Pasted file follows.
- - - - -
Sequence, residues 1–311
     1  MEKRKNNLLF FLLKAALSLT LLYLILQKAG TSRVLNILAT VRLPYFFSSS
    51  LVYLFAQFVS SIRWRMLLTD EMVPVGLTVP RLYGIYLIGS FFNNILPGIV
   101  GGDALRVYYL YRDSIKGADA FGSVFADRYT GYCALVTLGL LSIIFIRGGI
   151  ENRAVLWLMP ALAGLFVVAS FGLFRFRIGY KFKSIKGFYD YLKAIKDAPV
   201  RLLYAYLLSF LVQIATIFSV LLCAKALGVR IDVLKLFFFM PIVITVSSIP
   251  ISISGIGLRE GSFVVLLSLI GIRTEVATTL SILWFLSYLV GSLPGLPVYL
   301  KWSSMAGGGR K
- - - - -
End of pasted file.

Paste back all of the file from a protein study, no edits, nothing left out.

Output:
Sequence, residues 1–311
     1  MEKRKNNLLF FLLKAALSLT LLYLILQKAG TSRVLNILAT VRLPYFFSSS
    51  LVYLFAQFVS SIRWRMLLTD EMVPVGLTVP RLYGIYLIGS FFNNILPGIV
   101  GGDALRVYYL YRDSIKGADA FGSVFADRYT GYCALVTLGL LSIIFIRGGI
   151  ENRAVLWLMP ALAGLFVVAS FGLFRFRIGY KFKSIKGFYD YLKAIKDAPV
   201  RLLYAYLLSF LVQIATIFSV LLCAKALGVR IDVLKLFFFM PIVITVSSIP
   251  ISISGIGLRE GSFVVLLSLI GIRTEVATTL SILWFLSYLV GSLPGLPVYL
   301  KWSSMAGGGR K